Once Jews are conceived as a problem, there is a reservoir of negative stereotypes and narratives available for use. People draw on this pool for its apparent explanatory power. It provides a simple and, to some, a compelling explanation for people in search of just that.
In Britain today this is most visible on the left. One hundred years ago, it was commonplace among Conservatives, who used similar ideas about Jewish power and conspiracy to explain the Bolshevik revolution in Russia and the threat posed by Communism. We see traces of similar ideas within the political right today when people blame Soros and other "cosmopolitans" for blocking Brexit.
For as long as we think the problem we face is one of anti-Semites and not as one of anti-Semitism we will misdiagnose it. The "virus" metaphor has been one factor - albeit one among several others - that has stood in the way of Labour facing up to its problem.
Jewish leaders and their allies habitually reach for the "virus" or "poison" metaphor, and this prevents them from calling Labour to account more effectively. When Labour leaders and supporters say there are few anti-Semites in the party, they are right. But this leads them to imagine mistakenly that they can address anti-Semitism by ejecting "a few bad apples."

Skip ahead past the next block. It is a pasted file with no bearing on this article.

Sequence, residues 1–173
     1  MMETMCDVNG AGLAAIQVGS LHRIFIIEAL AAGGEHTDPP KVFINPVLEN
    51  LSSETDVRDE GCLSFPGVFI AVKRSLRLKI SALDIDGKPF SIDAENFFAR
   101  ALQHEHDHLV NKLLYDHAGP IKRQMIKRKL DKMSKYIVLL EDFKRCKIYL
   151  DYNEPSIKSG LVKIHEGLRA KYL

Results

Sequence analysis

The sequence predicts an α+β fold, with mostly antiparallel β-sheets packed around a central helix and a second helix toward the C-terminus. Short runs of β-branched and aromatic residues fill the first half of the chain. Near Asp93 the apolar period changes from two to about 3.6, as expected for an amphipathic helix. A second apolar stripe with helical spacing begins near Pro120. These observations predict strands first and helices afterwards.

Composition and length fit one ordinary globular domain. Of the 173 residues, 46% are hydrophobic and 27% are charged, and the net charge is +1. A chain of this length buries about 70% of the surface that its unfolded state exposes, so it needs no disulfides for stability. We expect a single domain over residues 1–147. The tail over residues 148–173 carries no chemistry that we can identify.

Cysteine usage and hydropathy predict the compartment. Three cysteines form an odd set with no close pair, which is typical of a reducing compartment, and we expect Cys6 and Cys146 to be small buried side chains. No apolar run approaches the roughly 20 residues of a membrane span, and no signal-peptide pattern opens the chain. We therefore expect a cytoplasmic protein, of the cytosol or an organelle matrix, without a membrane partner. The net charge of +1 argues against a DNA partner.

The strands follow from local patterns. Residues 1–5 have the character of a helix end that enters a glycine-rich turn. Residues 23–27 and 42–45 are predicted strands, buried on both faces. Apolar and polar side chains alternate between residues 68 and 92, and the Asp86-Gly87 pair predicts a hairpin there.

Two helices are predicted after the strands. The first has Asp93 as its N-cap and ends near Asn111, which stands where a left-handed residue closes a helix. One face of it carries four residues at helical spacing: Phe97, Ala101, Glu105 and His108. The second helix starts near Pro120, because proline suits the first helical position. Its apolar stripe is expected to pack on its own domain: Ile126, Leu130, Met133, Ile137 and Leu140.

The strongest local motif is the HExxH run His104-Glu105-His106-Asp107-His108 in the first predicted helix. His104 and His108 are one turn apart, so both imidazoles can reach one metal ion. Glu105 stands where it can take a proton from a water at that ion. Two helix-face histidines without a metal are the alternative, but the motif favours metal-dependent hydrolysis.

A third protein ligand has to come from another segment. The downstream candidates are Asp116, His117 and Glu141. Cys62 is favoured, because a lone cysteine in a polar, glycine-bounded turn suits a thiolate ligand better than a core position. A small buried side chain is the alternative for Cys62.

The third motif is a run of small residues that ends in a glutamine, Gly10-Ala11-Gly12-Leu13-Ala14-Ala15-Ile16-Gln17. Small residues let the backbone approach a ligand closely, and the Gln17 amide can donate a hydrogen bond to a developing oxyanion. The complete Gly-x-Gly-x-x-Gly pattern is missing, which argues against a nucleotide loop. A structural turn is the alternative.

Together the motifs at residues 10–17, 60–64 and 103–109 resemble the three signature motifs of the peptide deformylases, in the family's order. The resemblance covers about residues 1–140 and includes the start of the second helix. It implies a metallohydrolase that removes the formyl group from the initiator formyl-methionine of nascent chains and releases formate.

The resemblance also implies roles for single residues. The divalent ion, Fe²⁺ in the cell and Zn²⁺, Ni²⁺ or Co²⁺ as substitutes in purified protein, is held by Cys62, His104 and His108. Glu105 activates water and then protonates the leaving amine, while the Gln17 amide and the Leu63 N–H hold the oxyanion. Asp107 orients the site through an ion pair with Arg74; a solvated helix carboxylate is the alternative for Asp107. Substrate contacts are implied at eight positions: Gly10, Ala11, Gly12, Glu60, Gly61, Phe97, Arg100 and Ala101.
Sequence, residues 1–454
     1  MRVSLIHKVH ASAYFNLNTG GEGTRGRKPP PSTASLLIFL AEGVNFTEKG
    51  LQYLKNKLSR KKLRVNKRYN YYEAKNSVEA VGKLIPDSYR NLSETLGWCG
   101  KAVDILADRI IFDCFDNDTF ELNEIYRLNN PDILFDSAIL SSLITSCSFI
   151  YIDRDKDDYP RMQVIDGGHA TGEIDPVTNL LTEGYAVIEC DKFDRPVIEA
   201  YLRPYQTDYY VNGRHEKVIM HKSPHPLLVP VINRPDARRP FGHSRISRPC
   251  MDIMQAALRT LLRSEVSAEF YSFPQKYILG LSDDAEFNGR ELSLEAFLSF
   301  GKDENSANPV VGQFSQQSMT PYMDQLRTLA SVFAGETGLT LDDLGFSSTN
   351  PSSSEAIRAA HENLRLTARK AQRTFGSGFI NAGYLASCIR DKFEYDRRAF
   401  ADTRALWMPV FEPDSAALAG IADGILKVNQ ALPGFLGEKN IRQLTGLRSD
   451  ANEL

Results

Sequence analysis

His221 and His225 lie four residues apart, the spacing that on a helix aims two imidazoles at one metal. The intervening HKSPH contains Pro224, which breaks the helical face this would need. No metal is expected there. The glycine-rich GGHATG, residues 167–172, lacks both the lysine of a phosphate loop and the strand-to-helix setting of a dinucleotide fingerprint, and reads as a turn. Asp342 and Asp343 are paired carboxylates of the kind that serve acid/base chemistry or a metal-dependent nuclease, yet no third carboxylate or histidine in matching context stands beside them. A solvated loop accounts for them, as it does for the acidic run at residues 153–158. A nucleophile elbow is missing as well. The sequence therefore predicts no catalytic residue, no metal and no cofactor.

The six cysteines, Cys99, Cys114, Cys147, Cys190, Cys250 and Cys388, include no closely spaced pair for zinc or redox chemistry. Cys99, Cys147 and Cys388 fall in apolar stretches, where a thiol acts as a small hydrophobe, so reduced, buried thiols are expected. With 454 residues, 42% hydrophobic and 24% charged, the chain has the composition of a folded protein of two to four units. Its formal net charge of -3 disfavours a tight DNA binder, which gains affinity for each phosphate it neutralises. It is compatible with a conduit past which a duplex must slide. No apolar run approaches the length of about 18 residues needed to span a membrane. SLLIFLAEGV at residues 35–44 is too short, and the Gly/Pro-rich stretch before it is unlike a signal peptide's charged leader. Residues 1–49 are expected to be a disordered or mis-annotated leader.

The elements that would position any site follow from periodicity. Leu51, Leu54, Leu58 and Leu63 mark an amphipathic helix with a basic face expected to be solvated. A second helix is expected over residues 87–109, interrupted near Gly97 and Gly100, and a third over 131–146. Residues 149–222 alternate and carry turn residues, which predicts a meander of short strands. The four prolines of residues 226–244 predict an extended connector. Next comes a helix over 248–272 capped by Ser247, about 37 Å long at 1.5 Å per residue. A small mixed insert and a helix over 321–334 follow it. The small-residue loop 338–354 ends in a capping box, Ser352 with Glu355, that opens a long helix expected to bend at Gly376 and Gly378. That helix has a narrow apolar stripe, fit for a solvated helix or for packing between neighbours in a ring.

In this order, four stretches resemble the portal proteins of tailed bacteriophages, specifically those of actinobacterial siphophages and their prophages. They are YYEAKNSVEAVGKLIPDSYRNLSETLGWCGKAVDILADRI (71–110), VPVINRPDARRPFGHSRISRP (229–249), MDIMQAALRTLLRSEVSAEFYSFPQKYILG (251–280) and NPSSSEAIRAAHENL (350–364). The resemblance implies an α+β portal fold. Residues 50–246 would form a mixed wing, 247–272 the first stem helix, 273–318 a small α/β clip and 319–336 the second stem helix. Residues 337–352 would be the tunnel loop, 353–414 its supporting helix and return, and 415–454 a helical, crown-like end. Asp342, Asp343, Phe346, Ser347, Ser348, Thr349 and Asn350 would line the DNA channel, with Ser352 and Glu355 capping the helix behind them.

The reality is that Labour’s anti-Semitism problem is neither so simple nor contained: the issue is one of anti-Semitism, not anti-Semites. This is something that will only be addressed by education, contrition and a leadership able to recognize and explain to members how racism can enter a political party, even one that conceives itself as the embodiment of anti-racist principles.
David Feldman is Director of the Pears Institute for the study of Antisemitism at Birkbeck, University of London where he is also a Professor of History. He was a Vice Chair of the Chakrabarti Inquiry into Antisemitism and other forms of racism in the British Labour Party